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Jamie O'Rourke and the Big Potato [Hardcover]

By Tomie dePaola (Author)
Our Price $ 14.44  
Retail Value $ 16.99  
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Item Number 157797  
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Item Specifications...

Pages   32
Est. Packaging Dimensions:   Length: 10.1" Width: 8.3" Height: 0.4"
Weight:   0.7 lbs.
Binding  Hardcover
Release Date   Feb 28, 1992
Publisher   Putnam Juvenile
ISBN  039922257X  
EAN  9780399222573  
UPC  048228016991  

Availability  0 units.

Alternate Formats List Price Our Price Item Number Availability
Board book $ 5.99 $ 5.09 2417147 In Stock
Hardcover $ 16.99 $ 14.44 157797
Paperback $ 6.99 $ 5.94 150959 In Stock
Item Description...
Outline Review"Jamie O'Rourke is the laziest man in all of Ireland." So begins well-known children's book author and illustrator Tomie dePaola's retelling of a popular Irish folktale. Jamie is accustomed to his wife doing all the household and garden chores, so when she injures her back, he figures he's sure to starve to death. But as luck would have it, he chances upon a leprechaun. The elfin man offers Jamie the biggest "pratie" in the world in exchange for letting him go.

Feeling self-satisfied, Jamie plants the seed, which soon grows into a potato big enough to be a logistical nightmare for the village. Luckily, his wife comes through for him once again, and everyone ends up happy and full. This is not a redemptive tale--Jamie does not learn to be industrious. It is, however, a lively, simple-yet-outlandish, brightly illustrated story about a man and a potato, with a leprechaun thrown in, for luck. (Ages 4 to 8)

Product Description
After his wife is injured, Jamie O'Rourke, the laziest man in Ireland, must find a way to feed his family and luckily bumps into a leprechaun with a batch of magic seeds.

Buy Jamie O'Rourke and the Big Potato by Tomie dePaola from our Christian Books store - isbn: 9780399222573 & 039922257X upc: 048228016991

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More About Tomie dePaola

Tomie DePaola Tomie dePaola was born in Meriden, Connecticut, in 1934 to a family of Irish and Italian background. By the time he could hold a pencil, he knew what his life's work would be. His determination to create books for children led to a BFA from Pratt Institute in Brooklyn, New York, and an MFA from the California College of Arts & Crafts in Oakland, California.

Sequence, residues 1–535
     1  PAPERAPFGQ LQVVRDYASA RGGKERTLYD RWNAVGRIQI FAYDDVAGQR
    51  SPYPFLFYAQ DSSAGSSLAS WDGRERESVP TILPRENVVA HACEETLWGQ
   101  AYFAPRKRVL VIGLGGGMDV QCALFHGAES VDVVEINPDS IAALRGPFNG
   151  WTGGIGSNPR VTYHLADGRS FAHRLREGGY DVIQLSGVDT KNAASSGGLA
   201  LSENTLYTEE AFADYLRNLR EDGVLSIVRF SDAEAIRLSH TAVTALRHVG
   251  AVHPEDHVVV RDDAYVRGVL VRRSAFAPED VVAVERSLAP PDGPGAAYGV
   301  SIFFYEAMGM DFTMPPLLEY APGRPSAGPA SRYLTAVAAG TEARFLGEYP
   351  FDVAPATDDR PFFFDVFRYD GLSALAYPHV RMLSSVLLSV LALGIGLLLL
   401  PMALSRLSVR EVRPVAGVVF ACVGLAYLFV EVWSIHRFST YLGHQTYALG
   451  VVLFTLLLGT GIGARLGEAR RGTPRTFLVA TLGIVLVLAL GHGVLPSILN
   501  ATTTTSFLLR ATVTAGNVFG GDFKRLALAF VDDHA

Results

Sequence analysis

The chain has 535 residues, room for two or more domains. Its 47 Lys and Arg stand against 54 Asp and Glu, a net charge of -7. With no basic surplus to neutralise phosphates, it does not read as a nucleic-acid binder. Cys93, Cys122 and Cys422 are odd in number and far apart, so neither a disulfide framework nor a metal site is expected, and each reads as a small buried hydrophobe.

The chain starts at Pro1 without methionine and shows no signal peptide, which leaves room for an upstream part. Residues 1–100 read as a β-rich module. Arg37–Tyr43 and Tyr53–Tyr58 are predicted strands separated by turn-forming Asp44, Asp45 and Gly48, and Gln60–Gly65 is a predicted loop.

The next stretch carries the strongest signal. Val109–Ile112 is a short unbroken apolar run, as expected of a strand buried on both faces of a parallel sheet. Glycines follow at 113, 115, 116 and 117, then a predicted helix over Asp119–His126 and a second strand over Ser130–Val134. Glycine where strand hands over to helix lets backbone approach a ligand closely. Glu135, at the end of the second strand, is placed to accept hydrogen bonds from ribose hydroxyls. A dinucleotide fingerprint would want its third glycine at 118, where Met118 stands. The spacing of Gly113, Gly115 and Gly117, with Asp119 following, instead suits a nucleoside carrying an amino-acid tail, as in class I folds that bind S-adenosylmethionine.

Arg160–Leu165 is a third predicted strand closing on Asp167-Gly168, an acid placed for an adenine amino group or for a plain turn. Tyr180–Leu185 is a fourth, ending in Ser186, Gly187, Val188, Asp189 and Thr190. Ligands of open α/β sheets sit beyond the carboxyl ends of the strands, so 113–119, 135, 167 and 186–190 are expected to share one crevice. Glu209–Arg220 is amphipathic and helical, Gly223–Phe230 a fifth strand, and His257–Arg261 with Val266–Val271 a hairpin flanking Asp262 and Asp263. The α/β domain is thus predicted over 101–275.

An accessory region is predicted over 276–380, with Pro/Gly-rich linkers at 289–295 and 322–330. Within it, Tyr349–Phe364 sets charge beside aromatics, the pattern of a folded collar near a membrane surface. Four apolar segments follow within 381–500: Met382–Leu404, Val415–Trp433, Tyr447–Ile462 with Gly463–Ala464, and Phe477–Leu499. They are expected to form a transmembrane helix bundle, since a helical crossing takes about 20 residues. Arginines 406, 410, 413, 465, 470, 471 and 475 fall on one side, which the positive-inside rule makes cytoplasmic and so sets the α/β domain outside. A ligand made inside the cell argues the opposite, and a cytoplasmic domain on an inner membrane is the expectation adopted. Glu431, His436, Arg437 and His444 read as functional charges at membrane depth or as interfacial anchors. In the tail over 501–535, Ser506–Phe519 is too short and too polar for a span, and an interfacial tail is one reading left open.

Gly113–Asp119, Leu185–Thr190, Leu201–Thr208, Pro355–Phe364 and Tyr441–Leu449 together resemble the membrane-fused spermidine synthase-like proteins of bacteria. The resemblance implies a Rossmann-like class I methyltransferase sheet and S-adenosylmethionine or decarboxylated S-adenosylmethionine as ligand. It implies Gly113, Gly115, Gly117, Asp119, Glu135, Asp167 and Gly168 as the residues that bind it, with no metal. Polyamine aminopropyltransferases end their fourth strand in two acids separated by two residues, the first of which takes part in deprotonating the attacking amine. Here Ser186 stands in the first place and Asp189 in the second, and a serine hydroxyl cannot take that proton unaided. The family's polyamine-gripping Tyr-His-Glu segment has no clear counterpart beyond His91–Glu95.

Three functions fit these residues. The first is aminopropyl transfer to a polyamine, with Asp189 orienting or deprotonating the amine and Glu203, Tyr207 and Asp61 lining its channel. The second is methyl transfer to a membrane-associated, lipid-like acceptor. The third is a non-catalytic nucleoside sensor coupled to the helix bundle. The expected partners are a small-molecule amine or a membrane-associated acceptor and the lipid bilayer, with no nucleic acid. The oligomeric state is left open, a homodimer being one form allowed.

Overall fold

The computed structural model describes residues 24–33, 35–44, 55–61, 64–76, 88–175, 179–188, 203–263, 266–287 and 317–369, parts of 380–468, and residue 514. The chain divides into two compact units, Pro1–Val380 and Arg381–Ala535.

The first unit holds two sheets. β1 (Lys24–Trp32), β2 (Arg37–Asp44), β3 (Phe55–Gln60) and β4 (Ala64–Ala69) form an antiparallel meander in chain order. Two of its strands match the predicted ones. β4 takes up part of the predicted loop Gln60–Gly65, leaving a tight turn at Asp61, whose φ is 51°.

It drove him through the years of teaching, designing greeting cards and stage sets, and painting church murals until 1965, when he illustrated his first children's book, Sound, by Lisa Miller for Coward-McCann. Eventually, freed of other obligations, he plunged full time into both writing and illustrating children's books.

He names Fra Angelico and Giotto, Georges Rouault, and Ben Shahn as major influences on his work, but he soon found his own unique style. His particular way with color, line, detail, and design have earned him many of the most prestigious awards in his field, among them a Caldecott Honor Award for Strega Nona, the Smithsonian Medal from the Smithsonian Institution, the Kerlan Award from the University of Minnesota for his "singular attainment in children's literature," the Catholic Library Association's Regina Medal for his "continued distinguished contribution," and the University of Southern Mississippi Medallion. He was also the 1990 United States nominee for the Hans Christian Andersen Medal for illustration.

Tomie dePaola has published almost 200 children's books in fifteen different countries. He remains one of the most popular creators of books for children, receiving more than 100,000 fan letters each year.

Tomie lives in an interesting house in New Hampshire with his four dogs. His studio is in a large renovated 200-year-old barn.

- He has been published for over 30 years.
- Over 5 million copies of his books have sold worldwide.
- His books have been published in over 15 different countries.
- He receives nearly 100,000 fan letters each year.

Tomie dePaola has received virtually every significant recognition forhis books in the children's book world, including:

- Caldecott Honor Award from American Library Association
- Newbery Honor Award from American Library Association
- Smithson Medal from Smithsonian Institution
- USA nominee in illustration for Hans Christian Andersen Medal
- Regina Medal from Catholic Library Association

copyright (c) 2000 by Penguin Putnam Books for Young Readers. All rights reserved.

Tomie DePaola currently resides in New London, in the state of New Hampshire. Tomie DePaola was born in 1934.

Tomie DePaola has published or released items in the following series...
  1. 26 Fairmount Avenue Books
  2. 26 Fairmount Avenue Books: War Years
  3. Aladdin Picture Books
  4. All Aboard Reading: Level 1
  5. Barker Twins
  6. Barkers: Level 1 (Paperback)
  7. Picture Puffin Books
  8. Smart about the Arts

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Product Categories
1Books > Subjects > Children's Books > Ages 4-8 > General   [45757  similar products]
2Books > Subjects > Children's Books > Literature > Fairy Tales, Folk Tales & Myths > European   [191  similar products]
3Books > Subjects > Children's Books > Literature > Fairy Tales, Folk Tales & Myths > Stories   [1562  similar products]
4Books > Subjects > Children   [2828  similar products]

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Reviews - What do our customers think?
Ah , but isn't he the luckiest of men....  Mar 7, 2007
It is March and in my 1st grade this means the reading of Tomie De Poala's fine collection of Irish tales, as we learn a bit o'Irish fun. Clovers, silkies, sheep sheering, poetry, lambs.....we are thinking of the coming of the greening of our CA hills as spring begins to warm our hearts. With the rainbows showing up to remind us of the magic of our earth...thoughts of pots of gold and leprechaun hordes too.